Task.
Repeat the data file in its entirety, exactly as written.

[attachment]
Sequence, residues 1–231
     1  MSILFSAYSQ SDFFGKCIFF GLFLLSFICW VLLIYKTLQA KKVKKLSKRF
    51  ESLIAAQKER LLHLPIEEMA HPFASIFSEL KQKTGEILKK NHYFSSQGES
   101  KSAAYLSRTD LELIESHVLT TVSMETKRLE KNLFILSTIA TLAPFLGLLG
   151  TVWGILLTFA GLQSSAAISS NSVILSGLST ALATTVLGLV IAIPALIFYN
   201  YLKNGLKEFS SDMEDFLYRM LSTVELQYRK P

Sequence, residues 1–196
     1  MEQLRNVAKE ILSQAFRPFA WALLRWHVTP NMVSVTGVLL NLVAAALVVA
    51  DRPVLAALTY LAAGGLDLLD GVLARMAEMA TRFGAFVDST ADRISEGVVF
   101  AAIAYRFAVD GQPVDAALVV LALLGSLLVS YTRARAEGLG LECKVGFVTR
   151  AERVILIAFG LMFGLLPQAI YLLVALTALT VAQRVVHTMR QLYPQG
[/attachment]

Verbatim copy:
Sequence, residues 1–231
     1  MSILFSAYSQ SDFFGKCIFF GLFLLSFICW VLLIYKTLQA KKVKKLSKRF
    51  ESLIAAQKER LLHLPIEEMA HPFASIFSEL KQKTGEILKK NHYFSSQGES
   101  KSAAYLSRTD LELIESHVLT TVSMETKRLE KNLFILSTIA TLAPFLGLLG
   151  TVWGILLTFA GLQSSAAISS NSVILSGLST ALATTVLGLV IAIPALIFYN
   201  YLKNGLKEFS SDMEDFLYRM LSTVELQYRK P

Sequence, residues 1–196
     1  MEQLRNVAKE ILSQAFRPFA WALLRWHVTP NMVSVTGVLL NLVAAALVVA
    51  DRPVLAALTY LAAGGLDLLD GVLARMAEMA TRFGAFVDST ADRISEGVVF
   101  AAIAYRFAVD GQPVDAALVV LALLGSLLVS YTRARAEGLG LECKVGFVTR
   151  AERVILIAFG LMFGLLPQAI YLLVALTALT VAQRVVHTMR QLYPQG